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Troubleshooting your disposable headphones

Everything on this earth has a lifetime and that includes your headphones. You don’t really need to buy a new set immediately after you think your headphones have stopped working, because there might just be a glitch that you can fix yourself and use the same headphones for longer. The foremost step in identifying whether your headphones really are gone, or are experiencing a minor malfunction is to identify the source of problem.  Here are the ways you can reduce the issue and solve it.

Identifying the issue:

  1. Plug in the headphones to your device and bend the cable around to see if you can hear any sort of audio through it. If you can, it means that the cable is faulty.
  2. Put on the headphones and push/adjust the plug around the jack. If you can hear the audio, it means that the plug needs replacement.
  3. Take off the earpiece from the cable and try another earpiece. If it works, then it means that your earpiece has the flaw.
  4. If you feel that the problem has gone beyond these few hitches it is better to send them to a professional to be repaired instead of wasting valuable time and money.
  5. Estimate the cost of repair, and find out the price of new headphones. If the prices are very close, you could consider getting a new set. However, if they have a huge difference, you’re better off repairing them yourself.

Fixing the Cable:

  1. Cut off the outside of the wire to expose the broken part of the wire, i.e. around 1.25cm. There must be an insulated wire which is the signal and the bare one that is the ground. Some headphones, like those from Apple, may have two insulated ones and a lone bare wire.
  2. Now cut the wire into two, and if it is shredded from the inside then cut one side of it off. Put on rubber tubing to the wire, which shall later be used to cover the open area as to keep it secure.
  3. Now the following step involves joining the wires together, making sure that the color of insulation remains identical. For a pigtail splice, hold the two bare segments of wire that you want to join parallel to each other, and then screw them together to make a connection. This is rapid and stress-free, but the patch-up will be immense. On the other hand an in-line splice requires you to grip the wires so that they overlap end to end. Rotate the wires in contrary directions. This is more challenging but the reparation is concealed simply.
  4. In the subsequent step, let melted solder cool over the wires through a soldering iron. Once cooled, use a good tape to wrap up the wires together. Make sure that the ground wire is left off. Now, remember the tubing you put on? Heat it gently and it will shrink over the wires itself becoming a tight seal. You’ve now repaired your broken wire, congratulations!

Fixing a Broken Plug:

  1. Buy a new plug at your local market, but make sure that it’s the same type as the one you had before so it can fix onto your cable. It should also have a spring as well as a stereo connection. (The plus must have two pins on the bottom. If it has only one pin, then it’s a mono plug).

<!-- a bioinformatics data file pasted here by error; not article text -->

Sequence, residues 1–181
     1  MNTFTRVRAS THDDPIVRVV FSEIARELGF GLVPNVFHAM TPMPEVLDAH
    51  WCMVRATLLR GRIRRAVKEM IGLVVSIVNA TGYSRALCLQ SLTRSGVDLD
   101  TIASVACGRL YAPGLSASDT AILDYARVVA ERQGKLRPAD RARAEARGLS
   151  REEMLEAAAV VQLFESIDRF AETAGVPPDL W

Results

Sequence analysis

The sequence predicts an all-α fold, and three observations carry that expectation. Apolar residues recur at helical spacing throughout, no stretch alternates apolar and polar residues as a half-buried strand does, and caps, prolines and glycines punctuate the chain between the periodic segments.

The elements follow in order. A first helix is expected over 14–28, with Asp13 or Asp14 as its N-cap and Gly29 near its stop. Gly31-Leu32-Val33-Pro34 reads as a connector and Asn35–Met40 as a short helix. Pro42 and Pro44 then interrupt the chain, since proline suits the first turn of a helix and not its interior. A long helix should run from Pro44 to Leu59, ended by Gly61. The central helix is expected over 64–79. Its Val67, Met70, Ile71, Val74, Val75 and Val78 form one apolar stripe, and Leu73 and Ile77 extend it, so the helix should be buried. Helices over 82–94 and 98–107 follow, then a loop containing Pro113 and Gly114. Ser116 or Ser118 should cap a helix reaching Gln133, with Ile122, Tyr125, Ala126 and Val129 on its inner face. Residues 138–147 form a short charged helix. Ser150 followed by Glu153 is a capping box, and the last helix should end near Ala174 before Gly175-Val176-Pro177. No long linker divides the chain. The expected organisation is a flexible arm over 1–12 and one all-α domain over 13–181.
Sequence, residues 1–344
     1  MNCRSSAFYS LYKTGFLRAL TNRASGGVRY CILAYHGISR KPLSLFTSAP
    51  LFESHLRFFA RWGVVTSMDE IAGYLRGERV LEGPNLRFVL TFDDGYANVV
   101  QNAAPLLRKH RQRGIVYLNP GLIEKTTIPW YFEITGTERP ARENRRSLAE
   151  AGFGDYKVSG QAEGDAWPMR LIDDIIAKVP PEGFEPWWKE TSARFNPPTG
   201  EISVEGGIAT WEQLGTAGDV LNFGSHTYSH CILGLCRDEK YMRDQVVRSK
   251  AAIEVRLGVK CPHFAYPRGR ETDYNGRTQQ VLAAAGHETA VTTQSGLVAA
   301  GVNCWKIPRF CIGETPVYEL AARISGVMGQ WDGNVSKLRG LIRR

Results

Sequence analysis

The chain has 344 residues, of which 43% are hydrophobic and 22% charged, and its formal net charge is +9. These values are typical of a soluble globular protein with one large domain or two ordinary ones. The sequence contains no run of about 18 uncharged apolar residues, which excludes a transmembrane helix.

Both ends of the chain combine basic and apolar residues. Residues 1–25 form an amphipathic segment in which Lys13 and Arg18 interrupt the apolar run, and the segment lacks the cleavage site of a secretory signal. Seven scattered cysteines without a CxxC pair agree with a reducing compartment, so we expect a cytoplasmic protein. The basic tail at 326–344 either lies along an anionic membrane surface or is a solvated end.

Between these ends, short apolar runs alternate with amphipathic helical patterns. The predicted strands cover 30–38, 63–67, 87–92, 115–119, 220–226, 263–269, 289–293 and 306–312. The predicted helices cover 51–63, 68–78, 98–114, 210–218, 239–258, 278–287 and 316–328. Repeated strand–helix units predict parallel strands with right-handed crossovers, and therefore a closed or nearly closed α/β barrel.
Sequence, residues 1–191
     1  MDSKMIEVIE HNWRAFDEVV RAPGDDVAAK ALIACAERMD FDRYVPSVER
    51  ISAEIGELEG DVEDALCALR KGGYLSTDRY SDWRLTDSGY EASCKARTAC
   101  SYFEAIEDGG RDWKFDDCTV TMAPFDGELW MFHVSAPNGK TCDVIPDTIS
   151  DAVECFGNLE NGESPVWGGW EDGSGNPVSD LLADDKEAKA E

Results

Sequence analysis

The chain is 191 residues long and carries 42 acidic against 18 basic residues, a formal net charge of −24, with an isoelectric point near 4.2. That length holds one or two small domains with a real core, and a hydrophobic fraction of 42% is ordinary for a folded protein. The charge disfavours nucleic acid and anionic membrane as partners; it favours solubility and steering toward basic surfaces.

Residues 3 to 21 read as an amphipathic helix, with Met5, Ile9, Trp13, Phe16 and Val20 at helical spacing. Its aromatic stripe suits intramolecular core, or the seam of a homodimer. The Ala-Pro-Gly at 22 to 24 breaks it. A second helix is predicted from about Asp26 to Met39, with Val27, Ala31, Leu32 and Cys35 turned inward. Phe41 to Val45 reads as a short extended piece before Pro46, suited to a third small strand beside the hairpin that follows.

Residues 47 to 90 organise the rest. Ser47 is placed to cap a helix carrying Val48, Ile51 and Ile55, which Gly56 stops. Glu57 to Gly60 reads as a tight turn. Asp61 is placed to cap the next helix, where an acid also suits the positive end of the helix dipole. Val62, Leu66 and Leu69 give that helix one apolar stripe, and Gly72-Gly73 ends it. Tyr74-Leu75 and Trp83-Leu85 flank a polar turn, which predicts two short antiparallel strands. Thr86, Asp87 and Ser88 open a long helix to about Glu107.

2. Depending on the type of plug, you can either screw it off easily or you’ll need to cut it off because it’s molded with glue. Similar to the previous process, you can see a bare wire and two insulated ones in the cable.
  3. Now put the new spring over the cable, and add a rubber tubing too. Now you start the connections; the bare copper wire is attached to the longest metal segment. The other two pins are strapped with the two insulated wires inside. The problem here is that they are not usually identifiable so if you reverse the connections you might start hearing the left audio on the right earpiece and vice versa.
  4. Use tiny clips to keep all the wires far from each other, they must not collide. If they do, the headphones will not work properly.
  5. Now using your soldering iron, you need to put solder on the pins and melt it. Do this procedure for all the wires.
  6. Once you’re done, you can now simply put the cap over the pins. Your headphones are now as good as new.

Fixing the Earpiece:

  1. Fixing the earpiece can be a tedious task because the specifications depend upon the model so you need to find the exact process on how to do it.
  2. Take the padding off softly, making sure not to disrupt them and look for the screws.
  3. Unscrew the pieces. Once done, insert any small tool beneath the cap and give a little push upwards so that the cap comes off. This is a delicate process that can damage the earpiece if not done correctly so. For this part, you may need to consult the internet for whatever type of headphones you have.
  4. In many cases, you need to remove the rubber seal so you shall need a new one for re-fixing the ear buds.
  5. If you’re lucky enough, the loosened wires will be easy to detect and you just need to fix them back into place. You can even solder it to keep it firm. If there is more than a single wire loose, don’t do any experiments; just go through the handbook before reattaching.
  6. Again, the wires must not be touching each other at any cost or the process will be rendered useless. Once done, put the cap back on, screw it tight and you’re ready to go.


These were some of the ways that you can turn a faulty headphone into an absolutely perfect one with the least amount of money but a little bit of effort.